The Court of Appeal recently overturned a decision of the Industrial Disputes Tribunal, stating that an employee's termination was not unlawful, but rather due to redundancy.


The employee had worked in the photographic registry department of a local newspaper company in Cyprus. As the sole employee in the photographic registry department, the employee had two responsibilities: archiving photographs and, on request, identifying old newspaper editions in microfilms.

In April 2009 the employee was served with a notice of termination which stated that her position would be abolished due to changes in the methods of production and modernisation of the organisation. The employee brought proceedings before the Industrial Disputes Tribunal, claiming damages for unlawful dismissal.

In its defence, the employer argued that the photographic registry department had been abolished in its entirety and thus the employee had to be terminated. Specifically, the employer made the following submissions:

  • In relation to the employee's first responsibility, the employee was initially archiving photographs manually in paper form. In 2003 the employer adopted KUDO, a digital archiving system, which was solely operated by the employee. The employee was required to archive each photograph digitally using KUDO and manually in paper form. In 2007 the employer adopted NEWS ASSET, a new digital archiving system that could be used by anyone (eg, a journalist or photographer) and rendered KUDO and the manual archiving system unnecessary. In other words, the employee's first responsibility became obsolete and she was only kept on by the employer for a transitional period until all journalists and photographers had assimilated the NEWS ASSET system.
  • The employee's second responsibility of identifying old newspaper editions in microfilms on request was also abolished following the employer's decision to publish the newspaper online.


At first instance, the Industrial Disputes Tribunal observed that most of the employer's submissions remained unchallenged by both the employee and the Redundancy Fund.

The tribunal then accepted that the manual archiving of photographs in paper form and the identification of old newspaper editions in microfilms were indeed wholly abolished. However, the digital archiving of photographs was a process that was transferred from the KUDO system to the NEWS ASSET system and could therefore be performed by journalists and photographers. On this reasoning, and due to insufficient evidence as to the time spent by the employee on digital archiving, the tribunal held that the employer had failed to prove that the employee's first responsibility had been wholly abolished and was not assigned to other employees and therefore no redundancy grounds to justify the termination were found.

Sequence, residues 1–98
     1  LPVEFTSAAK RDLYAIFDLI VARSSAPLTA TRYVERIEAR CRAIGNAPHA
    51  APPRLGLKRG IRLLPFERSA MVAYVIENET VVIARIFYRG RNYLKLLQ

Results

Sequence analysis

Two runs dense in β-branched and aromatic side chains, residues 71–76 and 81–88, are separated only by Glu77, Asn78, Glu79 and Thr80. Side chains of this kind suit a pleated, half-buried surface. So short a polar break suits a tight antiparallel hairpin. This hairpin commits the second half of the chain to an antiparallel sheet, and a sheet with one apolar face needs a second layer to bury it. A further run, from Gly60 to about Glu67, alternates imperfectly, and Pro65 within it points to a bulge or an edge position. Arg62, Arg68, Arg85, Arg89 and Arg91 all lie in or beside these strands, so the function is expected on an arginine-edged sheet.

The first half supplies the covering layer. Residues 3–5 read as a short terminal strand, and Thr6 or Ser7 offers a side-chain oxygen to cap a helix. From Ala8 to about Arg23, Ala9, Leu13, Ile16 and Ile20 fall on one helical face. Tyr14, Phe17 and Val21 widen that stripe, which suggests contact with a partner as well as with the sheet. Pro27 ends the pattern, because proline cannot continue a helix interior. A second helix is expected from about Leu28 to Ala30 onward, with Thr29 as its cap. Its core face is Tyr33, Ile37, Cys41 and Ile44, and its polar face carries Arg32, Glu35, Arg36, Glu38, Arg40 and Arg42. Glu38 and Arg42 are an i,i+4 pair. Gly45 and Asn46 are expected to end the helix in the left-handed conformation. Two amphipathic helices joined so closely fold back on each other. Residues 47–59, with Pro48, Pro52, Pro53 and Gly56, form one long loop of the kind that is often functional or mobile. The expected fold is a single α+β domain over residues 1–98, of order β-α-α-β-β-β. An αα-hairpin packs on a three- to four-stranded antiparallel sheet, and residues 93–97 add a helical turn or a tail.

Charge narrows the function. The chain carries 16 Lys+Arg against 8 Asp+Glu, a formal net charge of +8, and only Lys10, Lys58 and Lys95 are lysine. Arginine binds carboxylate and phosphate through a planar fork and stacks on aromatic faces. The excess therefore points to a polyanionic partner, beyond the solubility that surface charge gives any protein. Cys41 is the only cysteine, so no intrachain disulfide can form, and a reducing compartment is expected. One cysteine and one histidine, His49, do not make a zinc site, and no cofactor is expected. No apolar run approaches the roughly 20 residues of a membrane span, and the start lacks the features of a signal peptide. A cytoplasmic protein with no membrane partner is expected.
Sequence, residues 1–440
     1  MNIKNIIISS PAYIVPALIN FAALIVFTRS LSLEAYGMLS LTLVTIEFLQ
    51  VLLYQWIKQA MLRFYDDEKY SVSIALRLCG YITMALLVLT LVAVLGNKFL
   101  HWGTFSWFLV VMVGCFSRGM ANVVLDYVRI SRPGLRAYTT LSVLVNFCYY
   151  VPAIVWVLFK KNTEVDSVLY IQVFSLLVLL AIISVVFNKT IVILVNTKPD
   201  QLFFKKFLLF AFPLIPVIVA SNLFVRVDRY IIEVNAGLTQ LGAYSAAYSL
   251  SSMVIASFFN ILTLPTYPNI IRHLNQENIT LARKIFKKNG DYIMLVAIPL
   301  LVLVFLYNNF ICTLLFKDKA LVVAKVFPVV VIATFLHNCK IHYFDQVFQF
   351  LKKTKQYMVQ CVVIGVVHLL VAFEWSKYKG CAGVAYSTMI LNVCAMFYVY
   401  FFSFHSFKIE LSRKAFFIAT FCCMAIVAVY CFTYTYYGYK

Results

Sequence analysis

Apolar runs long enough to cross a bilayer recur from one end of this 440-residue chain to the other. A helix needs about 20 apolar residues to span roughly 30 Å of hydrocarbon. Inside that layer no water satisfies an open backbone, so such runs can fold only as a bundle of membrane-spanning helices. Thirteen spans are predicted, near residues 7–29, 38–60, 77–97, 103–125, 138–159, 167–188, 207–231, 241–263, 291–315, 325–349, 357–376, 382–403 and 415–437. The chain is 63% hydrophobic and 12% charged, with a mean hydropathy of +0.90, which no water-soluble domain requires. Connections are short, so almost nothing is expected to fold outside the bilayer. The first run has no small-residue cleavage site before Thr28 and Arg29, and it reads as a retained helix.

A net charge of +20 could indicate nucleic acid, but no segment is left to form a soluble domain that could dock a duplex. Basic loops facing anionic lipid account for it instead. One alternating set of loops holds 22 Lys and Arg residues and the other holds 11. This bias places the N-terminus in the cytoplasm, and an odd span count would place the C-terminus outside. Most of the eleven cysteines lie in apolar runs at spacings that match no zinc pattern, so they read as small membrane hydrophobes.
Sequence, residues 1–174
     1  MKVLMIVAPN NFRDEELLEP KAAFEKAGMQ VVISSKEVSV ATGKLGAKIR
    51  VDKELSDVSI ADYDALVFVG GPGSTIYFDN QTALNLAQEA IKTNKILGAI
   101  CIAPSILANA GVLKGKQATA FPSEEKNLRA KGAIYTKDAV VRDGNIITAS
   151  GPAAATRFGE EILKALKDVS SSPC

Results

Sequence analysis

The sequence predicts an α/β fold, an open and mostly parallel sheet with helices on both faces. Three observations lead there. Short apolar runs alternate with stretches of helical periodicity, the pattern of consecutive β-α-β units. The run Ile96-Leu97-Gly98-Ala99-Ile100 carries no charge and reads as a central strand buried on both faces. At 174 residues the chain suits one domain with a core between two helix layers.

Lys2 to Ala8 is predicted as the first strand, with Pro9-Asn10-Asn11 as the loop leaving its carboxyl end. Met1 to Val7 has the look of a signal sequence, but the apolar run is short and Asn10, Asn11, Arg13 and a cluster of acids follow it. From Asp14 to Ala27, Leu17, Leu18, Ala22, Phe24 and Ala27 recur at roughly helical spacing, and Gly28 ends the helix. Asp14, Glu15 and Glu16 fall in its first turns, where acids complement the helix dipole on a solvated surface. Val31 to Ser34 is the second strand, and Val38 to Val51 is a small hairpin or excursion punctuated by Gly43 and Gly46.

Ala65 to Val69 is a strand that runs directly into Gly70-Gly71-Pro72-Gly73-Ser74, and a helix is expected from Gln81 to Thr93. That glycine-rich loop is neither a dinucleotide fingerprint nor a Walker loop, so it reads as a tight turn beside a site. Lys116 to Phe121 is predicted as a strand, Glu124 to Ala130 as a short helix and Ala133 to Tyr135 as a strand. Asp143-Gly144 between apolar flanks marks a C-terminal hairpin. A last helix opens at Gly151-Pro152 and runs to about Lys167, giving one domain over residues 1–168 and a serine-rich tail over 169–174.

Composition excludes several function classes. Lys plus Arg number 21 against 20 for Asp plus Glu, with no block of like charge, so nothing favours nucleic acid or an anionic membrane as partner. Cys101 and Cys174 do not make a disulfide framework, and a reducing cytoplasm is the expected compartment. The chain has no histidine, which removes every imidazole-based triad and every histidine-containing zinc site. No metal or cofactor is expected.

The employer appealed the tribunal's decision, arguing that the abolition of a one-person department was completely disregarded and that this solely constituted a valid redundancy ground.

In its ruling, the Court of Appeal overturned the tribunal's decision, stating that the abolition of the KUDO system ‒ which was solely operated by the employee ‒ and the adoption of the NEWS ASSET system meant that the employee's first responsibility was transferred to and performed by others, which resulted in the abolition of the one-person department in which she worked. Therefore, the Court of Appeal found that the employee's dismissal was not unlawful and was due to redundancy in accordance with Article 18(c) of the Termination of Employment Law (Law 24/1967) (as amended).

For further information on this topic please contact Christiana Michael at George Z Georgiou & Associates LLC by telephone (+357 22 763 340) or email ([email protected]). The George Z Georgiou & Associates LLC website can be accessed at www.gzg.com.cy.